Fibre for the intestine

Fibre is healthy and good for digestion. As we all in fact know. Nevertheless, we do not pay too much attention to fibre: On average, we eat 20 g per day, but we should eat at least 30 g. Fruit, vegetables and wholemeal products are particularly rich in fibre. For our digestive enzymes, fibre is really pure ballast, which they cannot break down. Yet some bacteria in our intestine are dependent on precisely this fibre.

Ballast for rapid intestinal movements

By the time the fibre reaches the large intestine, it is pure ballast. It increases the content of the intestine, thus reducing the energy density and causing the blood sugar level to rise less strongly after a meal. Furthermore, the greater content of the intestine increases the pressure on the intestinal wall, which stimulates the intestinal movements. This means: We can extract fewer nutrients and toxic substances from the content of the intestine. Fibre therefore has an effect on our weight. At the same time, it can detoxify.

Fibre: Food for intestinal bacteria

When the fibre enters the large intestine, the intestinal flora acts on it. If above all the useful intestinal bacteria process the fibre compounds, experts call them "prebiotics". As the intestinal flora perform important functions for our health, we benefit from well nourished intestinal flora. It is therefore advisable to ensure a sufficient supply of nutrients for the bacteria. Resistant starches and oligofructose are particularly suitable as nutrients, as they support the intestinal bacteria that produce butyric acid.

Fibre is not just fibre

Most fibres consist of carbohydrates. However, they differ in structure and bind water to varying degrees. Resistant starch, inulin, oligofructose and pectin are among the water-soluble fibres, cellulose is an example of a water-insoluble fibre. Resistant starch type 3 is a very good nutrient for intestinal flora, and at the same time provides the best exploitation of the mucous membrane nutrient butyric acid. An adult should ingest 10 to 15 g daily. Resistant starches may appear in many foods, depending on preparation, but they seldom constitute more than five per cent of the overall starch content. For example, resistant starch type 3 can be found in boiled potatoes, peas, beans and bread as soon as they have cooled. However, the quantities are small. SymbioIntest The new dietary supplement SymbioIntest contains resistant starch type 3.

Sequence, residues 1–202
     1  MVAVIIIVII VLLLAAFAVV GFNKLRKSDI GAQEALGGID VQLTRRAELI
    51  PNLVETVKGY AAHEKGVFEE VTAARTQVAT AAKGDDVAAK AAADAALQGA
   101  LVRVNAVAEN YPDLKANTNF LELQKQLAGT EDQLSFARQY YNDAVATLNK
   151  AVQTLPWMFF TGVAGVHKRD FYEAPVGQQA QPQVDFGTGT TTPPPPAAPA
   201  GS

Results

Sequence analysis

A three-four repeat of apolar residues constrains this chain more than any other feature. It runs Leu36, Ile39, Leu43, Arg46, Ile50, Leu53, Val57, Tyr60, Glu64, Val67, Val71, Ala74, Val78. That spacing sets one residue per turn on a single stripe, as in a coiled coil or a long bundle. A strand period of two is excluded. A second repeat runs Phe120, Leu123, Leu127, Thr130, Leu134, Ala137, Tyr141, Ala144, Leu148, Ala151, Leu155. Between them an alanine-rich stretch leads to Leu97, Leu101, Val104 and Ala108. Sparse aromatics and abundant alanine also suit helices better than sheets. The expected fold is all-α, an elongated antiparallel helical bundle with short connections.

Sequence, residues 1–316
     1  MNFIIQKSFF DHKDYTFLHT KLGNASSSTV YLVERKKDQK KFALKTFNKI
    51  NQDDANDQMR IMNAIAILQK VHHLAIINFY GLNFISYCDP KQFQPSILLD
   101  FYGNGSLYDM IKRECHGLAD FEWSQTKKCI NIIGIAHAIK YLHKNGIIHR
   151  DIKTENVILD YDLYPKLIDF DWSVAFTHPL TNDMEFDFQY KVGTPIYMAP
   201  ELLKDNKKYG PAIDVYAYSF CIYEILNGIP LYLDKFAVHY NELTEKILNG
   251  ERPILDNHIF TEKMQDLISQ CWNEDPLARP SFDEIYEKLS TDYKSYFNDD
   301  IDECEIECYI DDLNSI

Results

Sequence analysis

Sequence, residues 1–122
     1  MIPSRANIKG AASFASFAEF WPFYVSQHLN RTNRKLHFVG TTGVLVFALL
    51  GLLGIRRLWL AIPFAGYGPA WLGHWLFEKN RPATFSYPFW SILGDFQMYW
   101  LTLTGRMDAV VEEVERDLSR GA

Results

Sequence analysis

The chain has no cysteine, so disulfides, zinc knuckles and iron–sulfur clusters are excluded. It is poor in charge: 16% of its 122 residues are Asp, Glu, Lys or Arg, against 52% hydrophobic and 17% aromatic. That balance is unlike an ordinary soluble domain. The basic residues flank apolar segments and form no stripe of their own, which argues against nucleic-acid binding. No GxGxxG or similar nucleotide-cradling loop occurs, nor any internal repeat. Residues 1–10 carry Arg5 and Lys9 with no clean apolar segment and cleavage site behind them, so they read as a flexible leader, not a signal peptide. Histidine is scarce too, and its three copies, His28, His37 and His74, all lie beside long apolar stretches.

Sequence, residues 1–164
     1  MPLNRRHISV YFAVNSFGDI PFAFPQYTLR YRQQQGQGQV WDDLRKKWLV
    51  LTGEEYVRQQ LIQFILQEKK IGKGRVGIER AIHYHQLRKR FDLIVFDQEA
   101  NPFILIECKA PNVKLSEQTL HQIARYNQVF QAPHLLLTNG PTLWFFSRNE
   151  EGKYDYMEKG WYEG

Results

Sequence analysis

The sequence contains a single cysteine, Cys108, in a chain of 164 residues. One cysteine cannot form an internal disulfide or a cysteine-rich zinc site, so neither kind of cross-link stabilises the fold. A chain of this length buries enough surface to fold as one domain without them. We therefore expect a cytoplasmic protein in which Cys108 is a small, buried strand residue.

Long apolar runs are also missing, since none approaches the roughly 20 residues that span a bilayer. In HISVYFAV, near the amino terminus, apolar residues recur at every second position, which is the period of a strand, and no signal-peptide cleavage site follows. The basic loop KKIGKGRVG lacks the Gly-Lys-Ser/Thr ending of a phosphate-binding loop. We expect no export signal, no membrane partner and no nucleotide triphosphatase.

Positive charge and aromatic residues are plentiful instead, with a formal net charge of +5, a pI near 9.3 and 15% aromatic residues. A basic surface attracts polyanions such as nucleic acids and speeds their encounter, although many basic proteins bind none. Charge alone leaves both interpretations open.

Resistant starch becomes mucous membrane nutrient butyric acid

Some of the intestinal bacteria that break down the resistant starch in the large intestine cause butyric acid to form. The intestinal mucosa and the arteries in the intestinal wall depend on the butyric acid of the bacteria. A sufficiently high butyric acid level in the intestine is therefore important. If the intestinal mucosa is well nourished, it can form an effective barrier to toxins and pathogens, and also prevent the natural intestinal flora from penetrating the tissue. However, if the butyric acid level decreases, there are consequences for the intestine. The intestinal villi regenerate and the intestinal mucosa alters, increasing the risk of chronic inflammatory diseases of the intestine and bowel cancer. But the butyric acid can do even more: It acidifies the intestinal environment, thus reducing the activity of enzymes that create carcinogenic materials. In addition, it acts against inflammation.

A fibre-rich diet

  • reduces the energy density of the nourishment and prevents overweight
  • increases and extends the sense of satiation
  • positively influences the cholesterol level
  • prevents irritable bowel syndrome and constipation
  • prevents tooth decay

Prebiotics that promote butyric-acid-forming bacteria

  • stabilise the intestinal flora by supplying bacterial nutrients and promoting useful bacteria
  • improve nutrition and thus the barrier function of the intestinal mucosa, which strengthens the immune system
  • prevent type 2 diabetes and other diseases associated with obesity
  • prevent chronic inflammatory diseases of the intestine and the development of bowel cancer
  • prevent diseases in which the nerve cells are destroyed.